Mac has an upper task window, and my window shows an American flag to tell me I’m using the English keyboard setting.

When I want to type Russian letters, I click on the American flag, a drop menu appears with a Russian flag in it. I then click on the Russian flag, and VOILA! My keyboard is transformed into a Russian keyboard.

(Not the actual letters printed on the keys, of course–I have a picture of a Russian keyboard taped to my wall to show me where the Russian letters are located as if I were using a real Russian keyboard.)

Once I type Я, I click on the Russian flag in my Mac’s upper task window, click on the American flag in the drop down menu, and I’m back to using the English keyboard setting.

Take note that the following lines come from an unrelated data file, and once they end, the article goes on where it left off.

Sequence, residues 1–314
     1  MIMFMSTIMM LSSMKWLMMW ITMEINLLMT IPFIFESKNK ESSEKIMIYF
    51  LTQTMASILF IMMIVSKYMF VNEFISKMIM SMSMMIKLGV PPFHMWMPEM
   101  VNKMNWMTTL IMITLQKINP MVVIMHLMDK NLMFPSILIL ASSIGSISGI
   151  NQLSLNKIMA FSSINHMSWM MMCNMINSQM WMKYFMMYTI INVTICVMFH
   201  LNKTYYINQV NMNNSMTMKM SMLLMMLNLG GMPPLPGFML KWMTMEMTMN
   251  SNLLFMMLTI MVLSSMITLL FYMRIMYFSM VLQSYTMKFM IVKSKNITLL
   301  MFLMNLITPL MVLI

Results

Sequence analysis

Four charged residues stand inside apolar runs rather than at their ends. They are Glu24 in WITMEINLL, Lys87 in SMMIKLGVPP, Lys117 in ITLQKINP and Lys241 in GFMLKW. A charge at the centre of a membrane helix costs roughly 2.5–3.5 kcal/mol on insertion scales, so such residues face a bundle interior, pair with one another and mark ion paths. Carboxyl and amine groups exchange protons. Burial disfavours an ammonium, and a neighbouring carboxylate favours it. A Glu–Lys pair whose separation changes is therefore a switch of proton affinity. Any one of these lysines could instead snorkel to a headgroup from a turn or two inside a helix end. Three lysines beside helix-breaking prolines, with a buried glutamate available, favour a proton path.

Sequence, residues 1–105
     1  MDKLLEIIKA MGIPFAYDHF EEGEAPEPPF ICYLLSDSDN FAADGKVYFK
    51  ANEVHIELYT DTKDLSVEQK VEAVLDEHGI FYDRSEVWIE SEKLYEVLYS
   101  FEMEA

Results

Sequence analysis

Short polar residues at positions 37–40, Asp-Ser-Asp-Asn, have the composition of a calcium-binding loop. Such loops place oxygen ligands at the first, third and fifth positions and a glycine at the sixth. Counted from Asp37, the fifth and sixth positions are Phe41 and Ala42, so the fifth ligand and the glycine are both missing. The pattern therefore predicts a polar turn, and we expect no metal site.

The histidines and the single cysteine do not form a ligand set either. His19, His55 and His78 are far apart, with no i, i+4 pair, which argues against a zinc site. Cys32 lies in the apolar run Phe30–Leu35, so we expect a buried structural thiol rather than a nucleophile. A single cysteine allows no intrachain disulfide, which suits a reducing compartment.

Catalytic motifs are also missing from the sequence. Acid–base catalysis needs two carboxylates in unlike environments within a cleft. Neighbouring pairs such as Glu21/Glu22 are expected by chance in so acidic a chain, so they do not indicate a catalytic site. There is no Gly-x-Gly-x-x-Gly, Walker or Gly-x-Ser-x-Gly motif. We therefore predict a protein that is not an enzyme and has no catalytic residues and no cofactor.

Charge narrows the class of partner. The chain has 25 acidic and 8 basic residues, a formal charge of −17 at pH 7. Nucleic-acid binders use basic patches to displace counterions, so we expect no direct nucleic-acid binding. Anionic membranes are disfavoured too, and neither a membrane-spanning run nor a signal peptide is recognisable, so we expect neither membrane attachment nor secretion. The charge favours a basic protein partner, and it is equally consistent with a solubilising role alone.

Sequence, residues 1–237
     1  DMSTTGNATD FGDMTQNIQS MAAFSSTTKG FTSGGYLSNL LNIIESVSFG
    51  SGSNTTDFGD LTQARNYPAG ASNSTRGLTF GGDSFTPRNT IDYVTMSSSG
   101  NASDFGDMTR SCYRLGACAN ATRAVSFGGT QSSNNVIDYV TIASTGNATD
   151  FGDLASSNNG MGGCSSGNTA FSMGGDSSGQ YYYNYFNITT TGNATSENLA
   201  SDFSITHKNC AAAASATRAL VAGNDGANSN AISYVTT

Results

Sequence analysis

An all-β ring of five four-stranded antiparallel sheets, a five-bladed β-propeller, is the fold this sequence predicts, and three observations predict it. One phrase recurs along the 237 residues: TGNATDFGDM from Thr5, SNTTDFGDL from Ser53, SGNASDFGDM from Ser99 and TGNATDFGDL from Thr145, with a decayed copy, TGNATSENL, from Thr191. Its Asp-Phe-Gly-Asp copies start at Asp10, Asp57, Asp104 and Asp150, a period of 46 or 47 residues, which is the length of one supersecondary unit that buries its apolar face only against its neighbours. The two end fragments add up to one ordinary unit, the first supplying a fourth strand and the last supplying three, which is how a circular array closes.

On the Russian keyboard, the Я letter is where the English letter Z is located.

As I typed the outline for the first book, I had to come up with a NAME for the book and the series.

I must have a NAME when I write a book as the NAME suggests a theme for me and helps keep me focus.

The title NEVERLAND came quite easily, but I didn’t like the way it looked.

I played around the the spelling:




And none of them felt right. I continued outlining.

So, I’m plotting Chapter Three: Laynie, who has witnessed the hysterical chaos that has taken over Junebug and is horrified by the death of a couple of children, is determined to ride her bike out of Junebug to her grandmother’s farm about three miles outside of town.

However, in her panic, she forgets about the invisible wall surrounding the city and imprisoning the children.